The first steps towards a helicopter career
PUBLISHED: 16:23 22 January 2014 | UPDATED: 16:24 22 January 2014
A career flying helicopters can offer a lot of freedom, but be prepared for some hard work
Flying helicopters offers a great deal of freedom compared to fixed-wing operations, according to Brian Kane, Head of Sales and Marketing at Heli Air. “You can fly from more or less anywhere to more or less anywhere. From an airport to a hotel to your own back garden − if it’s big enough and safe and legal to fly in to,” he says. “It’s a lot quicker, a lot easier and more fun. A lot more fun.”
If you think that flying helicopters might be your dream career, then the first step is to book in for a trial lesson and have a go at operating the controls yourself.
“It’s a proper trial lesson − not a jolly or a pleasure flight. You will be instructed on what you’re going to do, you’re going to do it and you’ll get a debrief on what you’ve done. After that you’ll have a good feel for helicopter flying and whether you like it or not,” says Brian. “If you do like it, the second recommendation is that you do an experience day with an instructor. You’ll fly between two-and-a-half and three hours across the day, in two or three sessions. I can guarantee by the end of that you’ll know whether you want to be a helicopter pilot or not.”
You’ll be pleased to hear that the time spent on trial, and experience lessons count towards the minimum of 45 hours required to achieve a Private Pilots Licence (PPL (H)), ten of which must be flown solo. The average student takes around fifty hours to complete this initial licence.
The next step towards that dream career is to acquire a Commercial Pilots Licence (CPL (H)). After you’ve completed your PPL you will need to pass nine exams, which include Air Law, Meteorology, Human Performance and Limitations, and Navigation. You will also be required to have flown 155 hours of flight time, which will need to include fifty hours as pilot in command and ten hours of cross-country flying. Heli Air currently has nine bases, which form a ‘spine’ up the centre of the country, so students working on their cross-country hours have the advantage of being able to fly between bases.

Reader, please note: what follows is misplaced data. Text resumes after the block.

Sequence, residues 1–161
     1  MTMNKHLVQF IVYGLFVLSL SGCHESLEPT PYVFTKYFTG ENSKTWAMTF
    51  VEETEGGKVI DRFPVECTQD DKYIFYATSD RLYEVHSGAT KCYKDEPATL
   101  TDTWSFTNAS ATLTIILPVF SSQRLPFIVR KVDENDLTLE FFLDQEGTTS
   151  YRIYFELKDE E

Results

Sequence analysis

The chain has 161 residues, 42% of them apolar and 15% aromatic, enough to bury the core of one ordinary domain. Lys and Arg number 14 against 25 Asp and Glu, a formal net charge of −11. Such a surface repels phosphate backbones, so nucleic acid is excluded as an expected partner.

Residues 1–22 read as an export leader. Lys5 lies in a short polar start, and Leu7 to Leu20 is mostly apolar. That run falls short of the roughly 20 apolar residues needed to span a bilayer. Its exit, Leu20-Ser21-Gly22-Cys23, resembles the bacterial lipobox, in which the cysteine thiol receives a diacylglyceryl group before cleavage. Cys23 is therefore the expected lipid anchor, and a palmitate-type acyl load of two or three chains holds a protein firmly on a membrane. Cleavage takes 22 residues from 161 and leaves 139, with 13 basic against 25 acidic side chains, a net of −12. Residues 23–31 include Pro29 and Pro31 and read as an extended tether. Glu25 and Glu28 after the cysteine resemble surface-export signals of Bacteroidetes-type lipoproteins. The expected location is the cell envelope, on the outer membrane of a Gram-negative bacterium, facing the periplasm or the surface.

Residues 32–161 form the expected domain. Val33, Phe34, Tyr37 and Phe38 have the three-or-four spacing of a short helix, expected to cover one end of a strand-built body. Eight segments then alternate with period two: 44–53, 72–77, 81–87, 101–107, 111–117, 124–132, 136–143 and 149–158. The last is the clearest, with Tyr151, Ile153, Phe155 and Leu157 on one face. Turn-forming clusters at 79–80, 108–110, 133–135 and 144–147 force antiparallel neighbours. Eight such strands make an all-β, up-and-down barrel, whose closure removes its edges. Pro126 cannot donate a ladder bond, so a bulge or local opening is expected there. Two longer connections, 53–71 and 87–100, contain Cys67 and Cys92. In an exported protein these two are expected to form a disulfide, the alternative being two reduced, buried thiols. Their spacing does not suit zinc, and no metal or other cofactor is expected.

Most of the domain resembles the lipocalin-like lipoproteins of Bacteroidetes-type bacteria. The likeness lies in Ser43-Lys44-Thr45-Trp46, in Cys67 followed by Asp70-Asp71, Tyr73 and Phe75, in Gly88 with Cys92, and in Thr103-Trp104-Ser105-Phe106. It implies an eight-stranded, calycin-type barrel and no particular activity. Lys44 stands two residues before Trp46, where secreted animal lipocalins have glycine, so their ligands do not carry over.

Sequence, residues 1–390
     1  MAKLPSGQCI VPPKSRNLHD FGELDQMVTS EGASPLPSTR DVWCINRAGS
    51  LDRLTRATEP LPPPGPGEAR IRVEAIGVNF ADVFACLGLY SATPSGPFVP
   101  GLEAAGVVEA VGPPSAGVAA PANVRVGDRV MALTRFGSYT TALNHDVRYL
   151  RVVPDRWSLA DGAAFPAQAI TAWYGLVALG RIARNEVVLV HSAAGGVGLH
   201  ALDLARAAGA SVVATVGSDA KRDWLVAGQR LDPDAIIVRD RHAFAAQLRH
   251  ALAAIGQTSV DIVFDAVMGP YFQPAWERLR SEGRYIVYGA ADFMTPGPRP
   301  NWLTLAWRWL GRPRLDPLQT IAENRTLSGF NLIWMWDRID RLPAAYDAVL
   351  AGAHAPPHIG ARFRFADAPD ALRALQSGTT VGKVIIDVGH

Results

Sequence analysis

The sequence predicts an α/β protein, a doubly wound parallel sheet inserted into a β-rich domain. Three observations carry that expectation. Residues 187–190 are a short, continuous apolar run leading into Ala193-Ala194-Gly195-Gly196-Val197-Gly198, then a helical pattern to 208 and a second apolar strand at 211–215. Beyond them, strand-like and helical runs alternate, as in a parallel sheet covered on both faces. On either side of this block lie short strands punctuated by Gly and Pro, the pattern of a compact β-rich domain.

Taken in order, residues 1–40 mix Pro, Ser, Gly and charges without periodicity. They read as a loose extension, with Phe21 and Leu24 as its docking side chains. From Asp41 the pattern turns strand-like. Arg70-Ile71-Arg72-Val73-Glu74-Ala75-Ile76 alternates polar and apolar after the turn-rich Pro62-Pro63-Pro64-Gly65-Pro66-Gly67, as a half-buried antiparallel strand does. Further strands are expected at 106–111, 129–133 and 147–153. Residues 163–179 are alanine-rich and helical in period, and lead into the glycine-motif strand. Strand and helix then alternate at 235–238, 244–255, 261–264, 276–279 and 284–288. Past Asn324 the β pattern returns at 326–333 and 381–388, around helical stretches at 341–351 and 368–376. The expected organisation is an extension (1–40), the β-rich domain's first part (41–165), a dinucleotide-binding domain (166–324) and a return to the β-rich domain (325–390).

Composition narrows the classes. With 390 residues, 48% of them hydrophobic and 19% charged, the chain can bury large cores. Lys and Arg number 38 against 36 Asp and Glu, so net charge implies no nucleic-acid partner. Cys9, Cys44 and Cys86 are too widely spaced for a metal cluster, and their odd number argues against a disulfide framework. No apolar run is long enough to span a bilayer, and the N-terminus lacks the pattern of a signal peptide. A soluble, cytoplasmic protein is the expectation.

Brian is also keen to point out the company’s high standard of safety: “We have the one and only IS-BAO award for flight safety in helicopters. Others have it for fixed-wing, but we’re the only one in the world for helicopters.”
Once the exams are passed and your logbook is up to scratch, then you will complete a 35-hour flying course, which includes a five hour night rating. You will find that the CPL (H) course covers similar exercises to the PPL (H), but the flying is of a much higher standard.
It is during this final course that you will decide the direction of your career, Brian says. “You choose whether or not you’re going to go down the flight instructor route or if you go down the ATPL route, which involves getting an instrument rating. An instrument rating then gives you the ability to go and get a job with a company flying to the oil rigs.
“We get a lot of students who want to fly privately, and want to go down the instructor route. We’ll try and employ them.”